Q: After over 20 years working for a global corporation, I accepted a buyout plan. Since I went to work right after college, I don’t have an up-to-date resume and don’t know what to be looking for in a new job. I have two high school kids that will be going to college soon and need to work supporting my family. What should I be doing to get back on my feet vocationally?
A: You are not alone. “Over-the-hill” in Corporate America is getting a lot younger. There are many more Americans turning 55 in recent years than turning 25. Many of the 78 million Baby Boomers, like you, are asking the question, “What am I going to do with the rest of my life?”
These later-in-life career changers don’t care about taking it easier and often will work as hard or harder than they did in the jobs they left behind. A Merrill Lynch & Co. retirement survey of more than 3,000 Baby Boomers reported that 83 percent intend to keep working and 56 percent of them hope to do so in a new profession. Second careers are like second marriages---you are prepared to make better choices on what you want to do and whom you want to do it with.More employers are recognizing that older adults bring skills and experiences to the table that can help the bottom line.
For example, in the world of consulting, "it can be a plus to have experience," says Ms. Jackie Greaner, North American practice leader for talent management at Towers Watson. "There's not really a stigma about being older."
The same is true for other knowledge-worker jobs. For example, "the nuclear-power industry is an industry that is very hard to get people that are fully developed in terms of skill sets and capabilities," Ms. Greaner says. For employers, "it's very difficult to get that expertise."
Aon Hewitt's senior vice president for talent administration Ms. Erin Peterson says talented recruiters can be hard to find. "I find people who have a lot of life experience and professional experience make the best recruiters."
You should seriously consider taking stock of yourself and your life during this mid-course career correction before jumping into a new job or thinking about an early retirement. As Bernard Baruch once said, “Age is only a number, a cipher for the records. A man can’t retire his experience. He must use it. Experience achieves more with less energy and time.” Knowing who you are and what you want to achieve in your second career matters.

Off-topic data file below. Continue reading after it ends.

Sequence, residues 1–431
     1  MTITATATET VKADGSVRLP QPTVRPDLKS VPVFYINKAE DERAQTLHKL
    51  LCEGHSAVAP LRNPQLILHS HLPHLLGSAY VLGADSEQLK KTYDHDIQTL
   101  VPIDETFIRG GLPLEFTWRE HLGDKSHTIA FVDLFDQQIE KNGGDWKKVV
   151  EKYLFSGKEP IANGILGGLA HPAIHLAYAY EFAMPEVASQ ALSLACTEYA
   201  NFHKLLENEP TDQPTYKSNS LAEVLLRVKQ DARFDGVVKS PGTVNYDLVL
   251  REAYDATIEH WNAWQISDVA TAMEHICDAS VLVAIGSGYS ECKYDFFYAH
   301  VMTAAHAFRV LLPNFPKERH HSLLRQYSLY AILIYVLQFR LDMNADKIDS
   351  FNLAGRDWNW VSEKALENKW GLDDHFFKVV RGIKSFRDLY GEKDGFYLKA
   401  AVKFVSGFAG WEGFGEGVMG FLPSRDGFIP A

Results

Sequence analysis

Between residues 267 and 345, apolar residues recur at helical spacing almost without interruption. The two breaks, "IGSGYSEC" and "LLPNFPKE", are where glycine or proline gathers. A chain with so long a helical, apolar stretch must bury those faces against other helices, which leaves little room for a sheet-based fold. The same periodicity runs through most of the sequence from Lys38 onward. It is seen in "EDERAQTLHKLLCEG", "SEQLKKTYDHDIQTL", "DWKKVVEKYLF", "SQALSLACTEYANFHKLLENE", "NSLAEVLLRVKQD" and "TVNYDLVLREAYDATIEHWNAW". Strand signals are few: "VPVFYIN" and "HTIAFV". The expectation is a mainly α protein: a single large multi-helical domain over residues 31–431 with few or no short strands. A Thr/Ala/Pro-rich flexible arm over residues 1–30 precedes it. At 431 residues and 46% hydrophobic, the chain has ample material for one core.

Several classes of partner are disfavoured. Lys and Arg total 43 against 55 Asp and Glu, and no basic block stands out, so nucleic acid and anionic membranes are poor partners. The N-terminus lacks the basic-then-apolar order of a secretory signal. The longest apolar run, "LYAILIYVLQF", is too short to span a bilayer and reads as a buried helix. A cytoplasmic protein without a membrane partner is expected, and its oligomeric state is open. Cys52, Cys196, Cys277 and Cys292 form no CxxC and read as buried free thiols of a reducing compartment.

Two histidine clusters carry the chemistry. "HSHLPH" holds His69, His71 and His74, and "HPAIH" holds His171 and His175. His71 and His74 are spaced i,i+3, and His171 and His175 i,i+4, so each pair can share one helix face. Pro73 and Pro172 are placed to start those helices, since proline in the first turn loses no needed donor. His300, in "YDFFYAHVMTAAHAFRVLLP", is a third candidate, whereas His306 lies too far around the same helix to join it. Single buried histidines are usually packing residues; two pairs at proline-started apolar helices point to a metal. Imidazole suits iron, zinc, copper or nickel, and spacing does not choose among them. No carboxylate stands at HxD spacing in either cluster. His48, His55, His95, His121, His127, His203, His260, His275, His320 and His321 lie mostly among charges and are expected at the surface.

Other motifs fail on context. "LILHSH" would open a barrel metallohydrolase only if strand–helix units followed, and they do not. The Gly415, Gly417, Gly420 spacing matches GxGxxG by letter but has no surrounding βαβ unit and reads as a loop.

Thinking about a job search begins with knowing who you are, assessing your unique signature talents and understanding what you do best. Starting or buying your own business may be an option if you have the required skills, cash and attitude to make a go of it.
Even though you may have spent your career at a large company, your new search may lead you to small or medium-sized companies where less age discrimination and lower salaries exist. By identifying your transferable skills and packaging yourself for a new job function or new industry, you can greatly increase your chances of success.
For mature workers, the most common way to find a new job is by using one's social networks (51%) versus ads (12%), search firms (8%), mailing/direct approach (5%) and Internet (2%). However, don't make the mistake of networking too soon. If your goals are vague, the contacts you make can't help you much and your contacts may even be put off by your lack of direction.
Successful networkers never ask their network contacts for a job because they know that such a request generally doesn't produce the desired result. Just ask for an appointment with the avowed intention of seeking advice regarding how to advance your search or to seek new contacts. Such requests are harder to deny. If the person sitting across the table likes what she hears, she'll make a point of mentioning potential opportunities to you.
Here are some resume building and interviewing tips to keep you focused in your job-search makeover:
1. Narrow job goals to emphasize your strongest assets. Don't expect prospective employers will read your resume 5 or 6 times to figure out what you can and want to do. Have a focused direction--not a potpourri of "I can tolerate these other things, too."
2. Widen your list of potential employers. Don't let your personal perceptions limit your job-hunting success. Being uncomfortable with different industries or work roles can prevent you from getting to where you want to be.
3. Clarify and polish your resume. Highlight your most valuable and specific skills and competencies. Remember the summary is the most important part of the resume because most hiring managers only assess a resume for 10 seconds.
4. Hone your interviewing and follow-up tactics. Be sure to review your weaknesses, as well as your strengths, in both the interview and thank you letters to interviewers. By knowing who you are and what you do best, you will set yourself above most job hunters.